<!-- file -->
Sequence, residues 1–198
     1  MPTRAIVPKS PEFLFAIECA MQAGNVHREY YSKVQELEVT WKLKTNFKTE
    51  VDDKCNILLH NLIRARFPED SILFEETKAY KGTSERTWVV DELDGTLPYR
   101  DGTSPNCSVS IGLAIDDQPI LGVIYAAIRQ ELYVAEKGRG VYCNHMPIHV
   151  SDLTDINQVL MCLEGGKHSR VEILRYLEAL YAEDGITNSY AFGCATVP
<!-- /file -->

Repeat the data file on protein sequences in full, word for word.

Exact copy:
Sequence, residues 1–198
     1  MPTRAIVPKS PEFLFAIECA MQAGNVHREY YSKVQELEVT WKLKTNFKTE
    51  VDDKCNILLH NLIRARFPED SILFEETKAY KGTSERTWVV DELDGTLPYR
   101  DGTSPNCSVS IGLAIDDQPI LGVIYAAIRQ ELYVAEKGRG VYCNHMPIHV
   151  SDLTDINQVL MCLEGGKHSR VEILRYLEAL YAEDGITNSY AFGCATVP